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Health Food of the month - Noodles

February 2017

plate of noodles

Use your noodle!


Previous Health Foods of the Month...

Blood oranges

Dates

Partridge


 

Diet & Supplements Index

Waitrose Recipes

Stir fry is such a normal item on menus today that is hard to believe that when many of us were kids, this didn’t feature at all in normal family meals, or even in general restaurants.

Today of course stir fry is a hugely popular meal, featuring all sorts of ingredients but usually based around noodles.

Many people think noodles is just another name for pasta, but there are differences.

First of all, the concept of noodles comes from Asia where in the past cooking techniques and foods were quite different. Asian noodles, and especially Japanese noodles, tend to use softer wheat, very different from the harder durum wheat that grows in the Mediterranean region and is the basis for most pasta. The Asian softer wheat gives noodles a much light colour, a smoother appearance and a silkier feel. The durum wheat used in pasta results in a deeper golden colour with a strong, firmer and more elastic texture.

Interestingly, noodles usually contain salt which is added to help develope the softer protein and also help to bind the dough, while pasta is generally salt free.  Noodles are quicker to cook and don’t need extra salt added to the water.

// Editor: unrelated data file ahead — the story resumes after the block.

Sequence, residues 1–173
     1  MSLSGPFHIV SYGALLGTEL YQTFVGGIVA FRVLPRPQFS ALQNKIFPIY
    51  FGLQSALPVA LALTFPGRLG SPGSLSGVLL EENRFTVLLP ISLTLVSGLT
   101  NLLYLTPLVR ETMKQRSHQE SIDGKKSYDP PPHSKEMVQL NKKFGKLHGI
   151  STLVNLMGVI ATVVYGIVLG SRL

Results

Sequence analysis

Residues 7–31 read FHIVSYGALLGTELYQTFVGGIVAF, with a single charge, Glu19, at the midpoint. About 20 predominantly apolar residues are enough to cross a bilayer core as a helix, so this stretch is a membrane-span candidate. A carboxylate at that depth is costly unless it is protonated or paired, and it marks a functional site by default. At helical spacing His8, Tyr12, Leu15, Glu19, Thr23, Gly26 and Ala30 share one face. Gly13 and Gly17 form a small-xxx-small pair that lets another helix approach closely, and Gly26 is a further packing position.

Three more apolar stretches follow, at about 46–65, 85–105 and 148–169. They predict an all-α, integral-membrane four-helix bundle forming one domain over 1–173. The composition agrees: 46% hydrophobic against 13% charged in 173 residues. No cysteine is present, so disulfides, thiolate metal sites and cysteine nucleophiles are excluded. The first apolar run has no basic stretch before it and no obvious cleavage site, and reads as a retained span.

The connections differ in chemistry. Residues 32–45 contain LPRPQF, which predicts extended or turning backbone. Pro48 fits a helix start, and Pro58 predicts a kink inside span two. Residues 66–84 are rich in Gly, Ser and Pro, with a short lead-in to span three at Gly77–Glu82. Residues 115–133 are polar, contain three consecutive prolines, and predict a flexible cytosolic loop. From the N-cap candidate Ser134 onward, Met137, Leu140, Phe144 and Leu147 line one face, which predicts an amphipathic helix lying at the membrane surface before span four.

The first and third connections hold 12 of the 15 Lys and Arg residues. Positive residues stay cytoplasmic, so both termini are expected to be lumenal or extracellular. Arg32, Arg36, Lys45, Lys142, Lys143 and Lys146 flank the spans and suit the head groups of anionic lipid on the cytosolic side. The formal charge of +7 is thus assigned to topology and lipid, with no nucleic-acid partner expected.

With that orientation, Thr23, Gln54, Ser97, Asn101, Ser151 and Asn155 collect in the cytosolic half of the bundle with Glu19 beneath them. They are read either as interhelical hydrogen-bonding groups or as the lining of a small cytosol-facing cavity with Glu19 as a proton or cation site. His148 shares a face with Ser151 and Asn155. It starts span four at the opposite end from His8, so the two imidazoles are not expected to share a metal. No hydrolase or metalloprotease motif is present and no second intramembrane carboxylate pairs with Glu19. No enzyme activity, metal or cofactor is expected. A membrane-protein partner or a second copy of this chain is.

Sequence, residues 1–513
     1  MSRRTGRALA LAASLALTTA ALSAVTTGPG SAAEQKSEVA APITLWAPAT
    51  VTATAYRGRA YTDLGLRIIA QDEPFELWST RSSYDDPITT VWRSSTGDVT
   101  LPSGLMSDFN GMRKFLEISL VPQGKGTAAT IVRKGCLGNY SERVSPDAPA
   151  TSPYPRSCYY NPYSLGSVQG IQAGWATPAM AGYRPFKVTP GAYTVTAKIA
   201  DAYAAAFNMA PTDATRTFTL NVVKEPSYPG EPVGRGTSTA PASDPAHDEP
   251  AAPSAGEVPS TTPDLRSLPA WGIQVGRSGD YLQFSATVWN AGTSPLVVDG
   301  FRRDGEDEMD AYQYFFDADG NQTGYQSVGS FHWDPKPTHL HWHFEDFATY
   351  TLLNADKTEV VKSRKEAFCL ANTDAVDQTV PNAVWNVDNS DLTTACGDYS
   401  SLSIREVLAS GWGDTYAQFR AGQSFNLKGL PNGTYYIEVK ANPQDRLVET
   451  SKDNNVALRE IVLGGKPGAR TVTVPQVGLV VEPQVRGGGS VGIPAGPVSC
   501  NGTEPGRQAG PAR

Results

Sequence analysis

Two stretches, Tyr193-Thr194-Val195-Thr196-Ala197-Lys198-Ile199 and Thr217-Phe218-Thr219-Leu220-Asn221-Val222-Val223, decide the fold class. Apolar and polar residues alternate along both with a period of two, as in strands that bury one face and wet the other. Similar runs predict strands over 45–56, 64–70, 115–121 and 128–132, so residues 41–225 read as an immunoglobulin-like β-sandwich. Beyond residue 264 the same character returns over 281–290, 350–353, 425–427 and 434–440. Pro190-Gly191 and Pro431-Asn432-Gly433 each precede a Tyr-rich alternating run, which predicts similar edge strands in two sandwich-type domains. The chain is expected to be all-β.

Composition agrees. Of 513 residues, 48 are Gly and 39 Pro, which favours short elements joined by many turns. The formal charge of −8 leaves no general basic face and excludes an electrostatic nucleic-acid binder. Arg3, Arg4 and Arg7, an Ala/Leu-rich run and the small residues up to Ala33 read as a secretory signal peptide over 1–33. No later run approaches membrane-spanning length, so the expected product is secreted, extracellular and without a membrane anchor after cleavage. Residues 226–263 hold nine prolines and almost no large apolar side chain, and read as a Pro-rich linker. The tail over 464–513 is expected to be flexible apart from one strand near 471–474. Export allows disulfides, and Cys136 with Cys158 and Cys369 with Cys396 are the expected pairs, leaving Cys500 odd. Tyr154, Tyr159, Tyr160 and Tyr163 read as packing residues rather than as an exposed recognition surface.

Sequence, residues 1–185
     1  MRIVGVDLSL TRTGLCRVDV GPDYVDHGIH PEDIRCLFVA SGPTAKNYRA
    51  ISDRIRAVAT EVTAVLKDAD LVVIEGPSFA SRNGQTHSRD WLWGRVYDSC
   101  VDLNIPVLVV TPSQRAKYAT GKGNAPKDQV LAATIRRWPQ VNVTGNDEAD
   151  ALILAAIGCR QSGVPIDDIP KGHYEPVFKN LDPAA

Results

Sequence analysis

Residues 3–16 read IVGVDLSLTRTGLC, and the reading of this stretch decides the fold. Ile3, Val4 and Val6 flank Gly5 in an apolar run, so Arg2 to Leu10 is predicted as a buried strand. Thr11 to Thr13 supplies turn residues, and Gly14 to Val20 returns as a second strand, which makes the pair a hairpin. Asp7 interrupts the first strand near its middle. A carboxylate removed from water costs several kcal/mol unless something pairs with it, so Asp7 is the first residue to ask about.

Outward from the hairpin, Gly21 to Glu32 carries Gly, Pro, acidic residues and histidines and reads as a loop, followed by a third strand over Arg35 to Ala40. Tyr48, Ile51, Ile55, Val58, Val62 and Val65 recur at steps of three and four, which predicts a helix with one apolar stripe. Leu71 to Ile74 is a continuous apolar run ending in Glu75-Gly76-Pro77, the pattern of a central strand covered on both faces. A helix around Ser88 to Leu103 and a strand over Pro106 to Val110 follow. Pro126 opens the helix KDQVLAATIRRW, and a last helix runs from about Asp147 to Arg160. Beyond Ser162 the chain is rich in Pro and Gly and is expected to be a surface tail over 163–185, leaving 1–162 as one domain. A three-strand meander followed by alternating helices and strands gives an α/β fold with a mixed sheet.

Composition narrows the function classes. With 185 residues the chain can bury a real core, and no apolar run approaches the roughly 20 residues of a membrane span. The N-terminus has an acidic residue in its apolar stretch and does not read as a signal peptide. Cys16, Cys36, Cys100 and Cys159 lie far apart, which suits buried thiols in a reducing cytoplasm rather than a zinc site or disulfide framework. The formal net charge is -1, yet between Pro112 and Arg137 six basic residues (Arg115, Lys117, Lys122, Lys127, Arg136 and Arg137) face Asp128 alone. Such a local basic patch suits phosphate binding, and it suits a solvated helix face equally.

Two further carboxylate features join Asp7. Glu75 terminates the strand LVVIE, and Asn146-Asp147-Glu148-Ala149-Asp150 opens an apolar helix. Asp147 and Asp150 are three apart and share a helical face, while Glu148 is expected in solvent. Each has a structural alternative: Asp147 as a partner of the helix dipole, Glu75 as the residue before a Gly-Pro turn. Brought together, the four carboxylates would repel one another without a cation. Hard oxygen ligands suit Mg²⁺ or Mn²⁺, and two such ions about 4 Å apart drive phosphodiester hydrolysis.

But possibly the most important difference is that noodles and pasta are made using different methods. For pasta, the durum wheat is made into a dough and then usually “extruded”. This means forcing it through small openings to produce the long thin circular shape.  Noodles are made by rolling and cutting – or if you are a super skilled expert, just by rolling and stretching. Have a look at this video for a great idea of how professionals make noodles!

Once the noodles are formed, they are slowly dried for around thirty hours at normal room temperature before being cut and packed. Modern methods make them a little faster.

Noodles can also be made from rice flour, this is more commonly found in Asia but is gaining in popularity here. Noodles are also made with egg liquid to replace or party replace the water in the dough to make egg noodles plus other noodles made from semolina (coarser grains) and even seaweed are available.

Health wise noodles are way down the list. While they are easily digested which is good, in terms of nutrition they offer a simple carbohydrate which is broken down fairly quickly by the body and can cause blood sugar spikes.  

Depending on the type of noodles you buy, they will have saturated fat but may also contain magnesium and iron. Some have ingredients added so it can be worthwhile looking at the noodles to see what is really in them.

But the key is what you put with them. In Asia, noodles are often included in fairly liquid dishes with lots of vegetables and some chicken, giving a tasty balanced meal that is also quite filling.  In more western style stir fries, again noodles can be supplemented with really healthy foods to make an excellent meal.  Instant noodles in a package can however have all sorts of ingredients added, so it is well worth checking the packet to see you are happy with what you are buying.

But with their long life in the cupboard, easy cooking, and adaptability to so many recipes, noodles definitely have a role to play in the modern kitchen.

 

 


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